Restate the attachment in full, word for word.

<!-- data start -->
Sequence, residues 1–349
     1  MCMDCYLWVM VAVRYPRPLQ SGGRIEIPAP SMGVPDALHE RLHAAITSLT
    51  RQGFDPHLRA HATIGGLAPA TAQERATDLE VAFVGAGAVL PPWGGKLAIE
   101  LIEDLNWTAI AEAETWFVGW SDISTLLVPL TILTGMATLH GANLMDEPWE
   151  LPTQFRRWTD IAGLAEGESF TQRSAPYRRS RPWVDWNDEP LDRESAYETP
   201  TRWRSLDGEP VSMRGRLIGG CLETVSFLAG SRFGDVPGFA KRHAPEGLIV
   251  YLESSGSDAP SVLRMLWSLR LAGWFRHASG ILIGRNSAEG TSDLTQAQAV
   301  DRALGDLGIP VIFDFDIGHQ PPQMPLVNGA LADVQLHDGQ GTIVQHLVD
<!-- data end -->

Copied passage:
Sequence, residues 1–349
     1  MCMDCYLWVM VAVRYPRPLQ SGGRIEIPAP SMGVPDALHE RLHAAITSLT
    51  RQGFDPHLRA HATIGGLAPA TAQERATDLE VAFVGAGAVL PPWGGKLAIE
   101  LIEDLNWTAI AEAETWFVGW SDISTLLVPL TILTGMATLH GANLMDEPWE
   151  LPTQFRRWTD IAGLAEGESF TQRSAPYRRS RPWVDWNDEP LDRESAYETP
   201  TRWRSLDGEP VSMRGRLIGG CLETVSFLAG SRFGDVPGFA KRHAPEGLIV
   251  YLESSGSDAP SVLRMLWSLR LAGWFRHASG ILIGRNSAEG TSDLTQAQAV
   301  DRALGDLGIP VIFDFDIGHQ PPQMPLVNGA LADVQLHDGQ GTIVQHLVD